18 November 2013

Writing Retreats (Round 1)

Writers speak about retreats in hushed tones, where no one else can see and where no one else can hear. Every author longs for a writing retreat, but alas, real life is persistent, and generally gets in the way.  Most of us have to go sans retreat.

BUT!

What if you are one of the lucky few? What if somehow all of the stars align and you are able to get away for a few days?

What if???

Having been single until just a few months ago, I've had the opportunity to do quite a bit of retreating.

Not running away...wait, it is sort of like running away—from life, from responsibility, from family, from TV, from chores and most of all, from your normal, everyday activities.  This is where the writing usually comes in.

Since I've done this a few times, I thought it might be nice to give some advice (from my limited experience) to anyone who may want to read it.

Before going to a writing retreat, ask yourself the following questions:

1) Why are you going?
2) Who are you going with?
3) What are your goals?
4) What is the expectation on accommodations/transportation for the weekend?
5) What is the expectation on food/money for the weekend?
6) How is the rest of your life going to suffer while you're gone, and are you prepared to weather the consequences on your return?

Let’s tackle the first three today.

1) Why are you going?

This is important. Really important. Are you going to write? Or are you going to socialize? Or are you going to network? Or are you going to learn?

You may not know all of these answers before you get there. When I went to Dave Farland's Death Camp three years ago, I didn’t know what to expect. I thought I was going to learn more than my mind could handle, and that I would end up drooling for three days after I got home from sheer overload.

That happened, but we also spent each afternoon writing. And the group of us got to know one another, which has been invaluable. My most aggressive writing group and friends come from the Death Camp crowd.

So sometimes there are pleasant surprises that come along.

Figure out why you are going. Start there, then go to #2.

2) Who are you going with?

Or, I will add, if you’re going alone, what do you know about the people you will be with?

The feel and productivity of a retreat will depend highly upon who is there. If you know that the group going is a bunch of women—I dare say moms who may be more than a little excited about being away from their kids for the weekend—then you should probably expect more talking than not.

If the crowd consists of professional writers, don’t expect them to talk to you much. They’re probably there to write. Don’t get me wrong, they’re usually nice people, but they need writing time too, and this is like quiet, beautiful gold.

If you don’t know anyone, then you might plan to make a few friends. Not obnoxiously—during quiet time—but during breaks. Other authors are the best support system you can have.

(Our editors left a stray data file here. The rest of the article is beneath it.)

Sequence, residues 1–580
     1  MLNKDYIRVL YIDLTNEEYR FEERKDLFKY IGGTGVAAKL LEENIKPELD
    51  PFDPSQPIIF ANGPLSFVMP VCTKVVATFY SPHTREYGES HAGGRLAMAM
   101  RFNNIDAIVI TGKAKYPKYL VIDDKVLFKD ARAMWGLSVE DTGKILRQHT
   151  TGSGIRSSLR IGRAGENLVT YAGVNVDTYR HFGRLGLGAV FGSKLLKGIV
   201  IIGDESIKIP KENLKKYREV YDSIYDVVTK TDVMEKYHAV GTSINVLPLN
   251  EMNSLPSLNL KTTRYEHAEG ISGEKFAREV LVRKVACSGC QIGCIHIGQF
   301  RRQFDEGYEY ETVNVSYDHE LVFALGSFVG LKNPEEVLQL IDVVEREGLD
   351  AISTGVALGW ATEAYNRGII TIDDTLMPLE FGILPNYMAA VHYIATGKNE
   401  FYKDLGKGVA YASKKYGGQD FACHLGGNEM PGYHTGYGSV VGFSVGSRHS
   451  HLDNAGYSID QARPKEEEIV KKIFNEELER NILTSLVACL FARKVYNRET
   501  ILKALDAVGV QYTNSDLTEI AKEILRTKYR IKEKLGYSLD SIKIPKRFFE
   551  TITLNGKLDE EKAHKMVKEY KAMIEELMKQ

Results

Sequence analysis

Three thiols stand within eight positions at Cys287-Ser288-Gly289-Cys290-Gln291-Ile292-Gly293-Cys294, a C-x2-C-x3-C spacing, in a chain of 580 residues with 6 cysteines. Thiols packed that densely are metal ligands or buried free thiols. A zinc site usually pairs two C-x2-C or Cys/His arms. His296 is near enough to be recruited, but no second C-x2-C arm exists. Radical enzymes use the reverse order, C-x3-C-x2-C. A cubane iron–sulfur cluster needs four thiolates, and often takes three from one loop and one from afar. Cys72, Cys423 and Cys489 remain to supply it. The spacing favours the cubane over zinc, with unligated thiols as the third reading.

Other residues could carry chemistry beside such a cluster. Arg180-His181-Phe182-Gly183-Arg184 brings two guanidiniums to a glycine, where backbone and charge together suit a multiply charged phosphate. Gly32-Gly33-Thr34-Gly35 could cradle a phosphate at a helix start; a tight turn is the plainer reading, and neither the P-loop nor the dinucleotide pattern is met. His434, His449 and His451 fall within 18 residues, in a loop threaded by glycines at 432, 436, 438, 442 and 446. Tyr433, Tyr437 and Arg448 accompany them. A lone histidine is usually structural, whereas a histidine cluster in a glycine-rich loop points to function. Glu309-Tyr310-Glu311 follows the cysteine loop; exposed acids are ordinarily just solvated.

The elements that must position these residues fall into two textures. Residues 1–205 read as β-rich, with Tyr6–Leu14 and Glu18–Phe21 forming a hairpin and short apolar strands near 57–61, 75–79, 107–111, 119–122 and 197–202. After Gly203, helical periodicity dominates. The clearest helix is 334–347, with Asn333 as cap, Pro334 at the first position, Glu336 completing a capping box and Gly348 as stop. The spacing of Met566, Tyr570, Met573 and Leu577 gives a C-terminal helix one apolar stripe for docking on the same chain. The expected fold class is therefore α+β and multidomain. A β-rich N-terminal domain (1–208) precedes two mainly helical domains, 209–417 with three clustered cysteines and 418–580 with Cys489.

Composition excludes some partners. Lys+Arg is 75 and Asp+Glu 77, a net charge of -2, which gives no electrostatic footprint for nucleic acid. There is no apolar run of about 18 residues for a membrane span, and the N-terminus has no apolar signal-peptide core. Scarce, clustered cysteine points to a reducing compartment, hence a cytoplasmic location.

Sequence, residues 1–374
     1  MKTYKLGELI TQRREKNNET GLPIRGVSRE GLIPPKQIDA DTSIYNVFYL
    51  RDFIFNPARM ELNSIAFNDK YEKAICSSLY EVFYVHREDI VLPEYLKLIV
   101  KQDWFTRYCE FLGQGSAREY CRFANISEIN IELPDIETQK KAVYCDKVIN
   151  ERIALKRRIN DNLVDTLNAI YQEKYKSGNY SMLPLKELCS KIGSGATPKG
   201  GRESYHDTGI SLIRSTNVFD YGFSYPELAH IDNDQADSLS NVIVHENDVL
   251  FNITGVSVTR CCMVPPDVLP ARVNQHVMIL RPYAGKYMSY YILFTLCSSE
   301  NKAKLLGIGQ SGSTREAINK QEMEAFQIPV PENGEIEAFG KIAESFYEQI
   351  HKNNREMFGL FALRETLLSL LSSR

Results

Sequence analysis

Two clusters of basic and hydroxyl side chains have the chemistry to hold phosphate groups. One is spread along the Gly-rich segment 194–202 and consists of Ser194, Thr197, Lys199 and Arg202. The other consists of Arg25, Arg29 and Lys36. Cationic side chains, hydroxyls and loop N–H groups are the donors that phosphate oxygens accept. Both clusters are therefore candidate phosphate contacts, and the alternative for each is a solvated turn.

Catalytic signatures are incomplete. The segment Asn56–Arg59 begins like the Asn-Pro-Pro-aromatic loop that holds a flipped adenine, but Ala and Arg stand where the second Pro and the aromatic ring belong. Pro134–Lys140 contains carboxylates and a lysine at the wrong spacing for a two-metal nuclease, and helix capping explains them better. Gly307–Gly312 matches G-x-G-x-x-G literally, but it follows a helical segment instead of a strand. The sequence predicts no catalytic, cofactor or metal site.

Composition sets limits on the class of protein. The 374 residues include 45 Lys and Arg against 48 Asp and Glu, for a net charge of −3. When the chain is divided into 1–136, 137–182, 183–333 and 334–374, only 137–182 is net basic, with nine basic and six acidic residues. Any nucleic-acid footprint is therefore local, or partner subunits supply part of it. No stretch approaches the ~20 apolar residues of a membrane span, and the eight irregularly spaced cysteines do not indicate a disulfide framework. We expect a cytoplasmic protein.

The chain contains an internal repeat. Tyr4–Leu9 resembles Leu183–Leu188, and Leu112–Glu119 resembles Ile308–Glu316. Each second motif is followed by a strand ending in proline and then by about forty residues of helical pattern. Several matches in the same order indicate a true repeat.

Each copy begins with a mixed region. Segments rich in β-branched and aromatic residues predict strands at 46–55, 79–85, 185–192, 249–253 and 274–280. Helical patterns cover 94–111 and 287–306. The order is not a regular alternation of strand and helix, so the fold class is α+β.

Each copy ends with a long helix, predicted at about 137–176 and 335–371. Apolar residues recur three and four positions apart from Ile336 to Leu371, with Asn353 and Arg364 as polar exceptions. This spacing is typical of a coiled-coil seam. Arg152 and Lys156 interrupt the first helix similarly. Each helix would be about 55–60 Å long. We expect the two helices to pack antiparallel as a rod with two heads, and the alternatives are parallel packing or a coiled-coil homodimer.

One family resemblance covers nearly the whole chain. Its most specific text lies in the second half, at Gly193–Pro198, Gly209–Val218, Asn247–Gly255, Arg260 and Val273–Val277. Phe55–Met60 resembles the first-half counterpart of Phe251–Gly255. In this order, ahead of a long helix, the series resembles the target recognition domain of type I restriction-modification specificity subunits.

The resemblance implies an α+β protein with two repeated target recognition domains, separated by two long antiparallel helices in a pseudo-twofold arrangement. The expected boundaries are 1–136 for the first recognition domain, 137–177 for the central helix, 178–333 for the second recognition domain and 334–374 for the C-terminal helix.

3) What are your goals?

This one is key. For me, without a goal, I would tend to mess around more. Even if I’m being quiet, I might decide I need to over-edit a chapter for two hours instead of working on the outline I really need to be plotting.

So before you go, and after you figure out who is going to be there and how serious the writing time might be, decide what you want to walk away with before the end of the weekend.

It sounds silly, but it’ll keep you on track.

The retreat I just got back from turned out to be my most productive yet.  I’ll answer my own questions.

1)Why am I going?
Because I’ve spent the last year dating, getting engaged and getting married. My writing time has been sucked away, and I needed a jump-start to really getting back into it.

2) Who am I going with?
My awesome, slave-driving (she says the same about me) writing buddy “Lola.” (Name changed to protect the “innocent.”) There were just the two of us, so the expectation was that there would be lots and lots of writing going on.

3) What are my goals?
My super-secret I-Didn’t-Tell-Anyone-In-Case-It-Didn’t-Happen goal was to write 30,000 words over three days.

Nailed it. I managed 33,000 words and only stopped because I finished the end of the story I was working on! (And my hands started to twitch.)

Each night, before bed, we would work out a schedule (which we modified a few times) so the expectations would be set for the next day. Writing until 12:30. Then a break (walk, jog—not me, Lola, maybe lunch) and then off to the library for four hours for a change of pace. Once we were finished at the library, we would do dinner, a treat and then back to the condo for at least another hour of writing.

It sounds brutal, but we totally did it, and both spit out more than 30,000 words over the weekend.

Worth the expense and the time away?

Uh, yes.


Next time we’ll answer questions 4-6.

1 comment:

Sus House said...

Sounds like an awesome retreat. So happy you reached your goal... 30,000 words in 3 days is no easy task. Way to go!

Great advice too. I've discovered how important it is to be purposeful with my time; especially if I'm going to have the opportunity to be social... I get easily side-tracked into conversation. Not a bad thing if that was the goal... but very unproductive if I just need to have words written.